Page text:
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Decisions of the Superior Courts of New South Wales, 1788-1899

Deering v Hancock [1839] NSWSupC 8

land law, title - succession

Supreme Court of New South Wales

Willis J., 1 March 1839

Source: Sydney Herald, 4 March 1839 [1]

Friday. -- Before Mr. Justice Willis.

Deering, infants, v. Hancock. -- Mr. Windeyer, the plaintiffs' counsel, stated this to be a bill by the plaintiffs, as the children of one Samuel Deering, deceased -- who, by his will, demised a piece of land in Pitt-street to one Andrew Ball in trust for his children -- against the defendant, who had purchased this land from Ball.  The bill sought to set aside this conveyance, and also the grant which the Crown had granted to Ball absolutely, and that Ball should be decreed to convey to the infants.  It appeared from the bill that Samuel Deering held this land under a lease from the Crown for twenty-one years, and that it was leasehold property when he died in 1827.  The bill further stated that no probate of this will had been taken out, nor had administration been granted to any one, the bill alleging that the devisee and executor, Ball, had been cited to prove the bill, but that he had never done so.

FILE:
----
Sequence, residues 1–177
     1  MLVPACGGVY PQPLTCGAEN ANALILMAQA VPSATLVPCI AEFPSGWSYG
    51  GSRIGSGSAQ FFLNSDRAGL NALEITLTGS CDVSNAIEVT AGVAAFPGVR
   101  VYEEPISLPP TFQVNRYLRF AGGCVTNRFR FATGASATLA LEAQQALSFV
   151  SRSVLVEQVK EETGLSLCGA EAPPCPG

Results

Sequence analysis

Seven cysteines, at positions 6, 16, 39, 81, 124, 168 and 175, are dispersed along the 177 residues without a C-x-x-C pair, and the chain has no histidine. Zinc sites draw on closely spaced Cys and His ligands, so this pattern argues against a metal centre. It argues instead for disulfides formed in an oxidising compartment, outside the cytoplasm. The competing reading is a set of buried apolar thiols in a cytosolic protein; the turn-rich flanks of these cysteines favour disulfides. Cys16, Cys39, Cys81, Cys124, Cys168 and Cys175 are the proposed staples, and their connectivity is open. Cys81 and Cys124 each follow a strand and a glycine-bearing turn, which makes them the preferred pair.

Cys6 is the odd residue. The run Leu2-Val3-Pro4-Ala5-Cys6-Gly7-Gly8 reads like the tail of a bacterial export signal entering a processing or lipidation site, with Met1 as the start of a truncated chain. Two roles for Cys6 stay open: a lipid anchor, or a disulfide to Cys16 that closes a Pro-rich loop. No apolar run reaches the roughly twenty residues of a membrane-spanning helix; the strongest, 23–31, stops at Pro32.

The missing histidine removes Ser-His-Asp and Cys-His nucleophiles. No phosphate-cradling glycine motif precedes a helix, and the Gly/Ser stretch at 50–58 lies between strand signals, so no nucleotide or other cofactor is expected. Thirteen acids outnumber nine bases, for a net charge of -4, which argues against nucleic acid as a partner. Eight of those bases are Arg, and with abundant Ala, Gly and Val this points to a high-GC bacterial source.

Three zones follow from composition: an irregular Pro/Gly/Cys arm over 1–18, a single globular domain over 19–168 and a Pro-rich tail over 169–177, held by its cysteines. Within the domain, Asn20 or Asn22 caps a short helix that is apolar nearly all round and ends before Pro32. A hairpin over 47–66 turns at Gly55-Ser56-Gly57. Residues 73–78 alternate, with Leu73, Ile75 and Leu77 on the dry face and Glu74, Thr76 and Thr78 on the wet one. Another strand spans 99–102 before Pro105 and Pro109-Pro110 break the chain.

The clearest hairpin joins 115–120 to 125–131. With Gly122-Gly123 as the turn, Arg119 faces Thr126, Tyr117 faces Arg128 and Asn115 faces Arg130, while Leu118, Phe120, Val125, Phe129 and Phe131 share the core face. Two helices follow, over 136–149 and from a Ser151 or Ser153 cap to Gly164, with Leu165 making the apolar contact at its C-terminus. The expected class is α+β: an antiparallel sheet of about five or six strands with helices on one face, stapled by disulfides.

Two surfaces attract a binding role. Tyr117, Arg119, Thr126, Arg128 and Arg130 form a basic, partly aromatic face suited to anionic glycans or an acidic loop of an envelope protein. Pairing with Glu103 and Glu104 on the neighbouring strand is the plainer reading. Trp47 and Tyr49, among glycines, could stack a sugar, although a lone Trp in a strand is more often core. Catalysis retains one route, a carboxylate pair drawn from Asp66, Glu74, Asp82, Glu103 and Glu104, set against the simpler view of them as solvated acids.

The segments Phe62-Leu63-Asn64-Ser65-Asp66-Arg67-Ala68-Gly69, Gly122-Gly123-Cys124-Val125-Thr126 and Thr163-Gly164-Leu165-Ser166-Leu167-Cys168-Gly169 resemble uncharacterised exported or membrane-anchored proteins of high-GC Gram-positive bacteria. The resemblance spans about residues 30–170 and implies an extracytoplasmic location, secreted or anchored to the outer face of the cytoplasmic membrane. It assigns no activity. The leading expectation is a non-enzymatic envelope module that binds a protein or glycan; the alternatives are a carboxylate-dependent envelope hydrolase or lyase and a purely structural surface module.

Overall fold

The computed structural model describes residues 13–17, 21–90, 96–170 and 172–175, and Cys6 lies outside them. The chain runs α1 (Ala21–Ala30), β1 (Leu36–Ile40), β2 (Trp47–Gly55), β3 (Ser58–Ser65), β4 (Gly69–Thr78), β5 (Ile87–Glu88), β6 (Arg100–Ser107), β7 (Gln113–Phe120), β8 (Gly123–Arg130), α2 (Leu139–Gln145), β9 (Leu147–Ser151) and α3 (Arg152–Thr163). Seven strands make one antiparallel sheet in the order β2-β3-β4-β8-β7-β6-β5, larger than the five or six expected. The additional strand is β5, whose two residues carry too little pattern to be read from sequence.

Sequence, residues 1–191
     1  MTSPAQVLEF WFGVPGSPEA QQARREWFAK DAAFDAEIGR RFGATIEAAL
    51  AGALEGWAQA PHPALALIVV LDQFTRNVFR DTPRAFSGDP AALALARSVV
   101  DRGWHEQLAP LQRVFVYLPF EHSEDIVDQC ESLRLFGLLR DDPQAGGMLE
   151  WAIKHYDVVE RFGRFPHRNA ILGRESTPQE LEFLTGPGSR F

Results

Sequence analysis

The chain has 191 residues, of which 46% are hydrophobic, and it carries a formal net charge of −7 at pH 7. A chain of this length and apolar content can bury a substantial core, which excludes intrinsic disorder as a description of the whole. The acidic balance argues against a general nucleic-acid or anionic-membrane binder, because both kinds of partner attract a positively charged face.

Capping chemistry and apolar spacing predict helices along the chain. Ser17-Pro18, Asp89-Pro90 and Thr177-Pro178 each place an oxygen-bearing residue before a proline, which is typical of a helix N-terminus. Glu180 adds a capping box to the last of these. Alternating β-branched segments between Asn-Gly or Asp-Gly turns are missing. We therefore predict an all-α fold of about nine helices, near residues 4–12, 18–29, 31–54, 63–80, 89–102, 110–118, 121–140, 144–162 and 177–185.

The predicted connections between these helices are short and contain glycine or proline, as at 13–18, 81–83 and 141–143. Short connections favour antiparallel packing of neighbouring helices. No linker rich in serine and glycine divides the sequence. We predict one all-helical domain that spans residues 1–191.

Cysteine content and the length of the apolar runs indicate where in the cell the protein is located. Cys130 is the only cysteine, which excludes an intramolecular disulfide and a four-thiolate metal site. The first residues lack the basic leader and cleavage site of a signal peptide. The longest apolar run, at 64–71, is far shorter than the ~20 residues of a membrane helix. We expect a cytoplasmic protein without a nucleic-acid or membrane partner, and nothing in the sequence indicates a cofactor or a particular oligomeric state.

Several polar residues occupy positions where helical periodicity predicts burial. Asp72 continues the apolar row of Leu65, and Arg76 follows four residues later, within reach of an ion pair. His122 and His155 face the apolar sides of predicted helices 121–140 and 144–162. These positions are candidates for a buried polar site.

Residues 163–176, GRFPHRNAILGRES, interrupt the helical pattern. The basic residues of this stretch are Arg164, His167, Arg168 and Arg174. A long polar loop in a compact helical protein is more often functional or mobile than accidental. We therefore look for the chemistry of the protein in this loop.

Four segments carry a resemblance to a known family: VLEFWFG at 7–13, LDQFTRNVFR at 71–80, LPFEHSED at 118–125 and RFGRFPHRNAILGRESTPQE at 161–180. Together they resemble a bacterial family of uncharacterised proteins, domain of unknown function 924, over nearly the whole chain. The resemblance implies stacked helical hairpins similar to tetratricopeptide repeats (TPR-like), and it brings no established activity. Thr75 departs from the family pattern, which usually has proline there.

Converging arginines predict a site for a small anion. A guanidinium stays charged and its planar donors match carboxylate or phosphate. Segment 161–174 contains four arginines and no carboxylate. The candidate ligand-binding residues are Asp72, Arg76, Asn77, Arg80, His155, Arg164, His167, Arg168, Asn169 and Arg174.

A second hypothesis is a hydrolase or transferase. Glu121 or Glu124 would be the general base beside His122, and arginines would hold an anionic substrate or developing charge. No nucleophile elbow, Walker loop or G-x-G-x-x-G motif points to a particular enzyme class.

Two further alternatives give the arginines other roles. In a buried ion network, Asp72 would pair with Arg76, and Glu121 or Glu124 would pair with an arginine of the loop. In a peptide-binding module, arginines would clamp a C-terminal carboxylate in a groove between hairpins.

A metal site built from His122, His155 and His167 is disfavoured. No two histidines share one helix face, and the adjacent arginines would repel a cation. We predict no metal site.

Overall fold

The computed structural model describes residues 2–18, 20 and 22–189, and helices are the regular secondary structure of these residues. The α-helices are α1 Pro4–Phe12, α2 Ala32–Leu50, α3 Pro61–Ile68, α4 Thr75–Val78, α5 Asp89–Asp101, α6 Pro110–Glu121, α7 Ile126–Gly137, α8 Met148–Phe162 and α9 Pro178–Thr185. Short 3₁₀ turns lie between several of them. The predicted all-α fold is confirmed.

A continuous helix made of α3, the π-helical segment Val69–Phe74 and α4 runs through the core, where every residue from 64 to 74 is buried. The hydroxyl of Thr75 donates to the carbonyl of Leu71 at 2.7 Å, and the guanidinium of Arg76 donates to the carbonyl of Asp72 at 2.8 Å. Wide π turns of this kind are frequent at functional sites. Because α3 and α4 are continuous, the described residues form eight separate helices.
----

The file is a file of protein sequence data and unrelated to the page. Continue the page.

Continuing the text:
His Honor was of opinion that until probate or administration had been granted, there was no one before the Court who could claim the property in dispute, which was leasehold, and therefore personal property, at the decease of the testator; and he therefore held that the bill must be dismissed.  The plaintiffs' counsel then moved that the bill should be retained for one month, to enable the plaintiffs to file a supplemental bill, which His Honor was pleased to grant, on payment of costs of the day to the defendant.

Counsel for plaintiffs, Messrs. a'Beckett and Windeyer; for the defendant, Messrs. Stephen and Foster.


[1] See also Sydney Gazette, 5 March 1839.

Published by the Division of Law, Macquarie University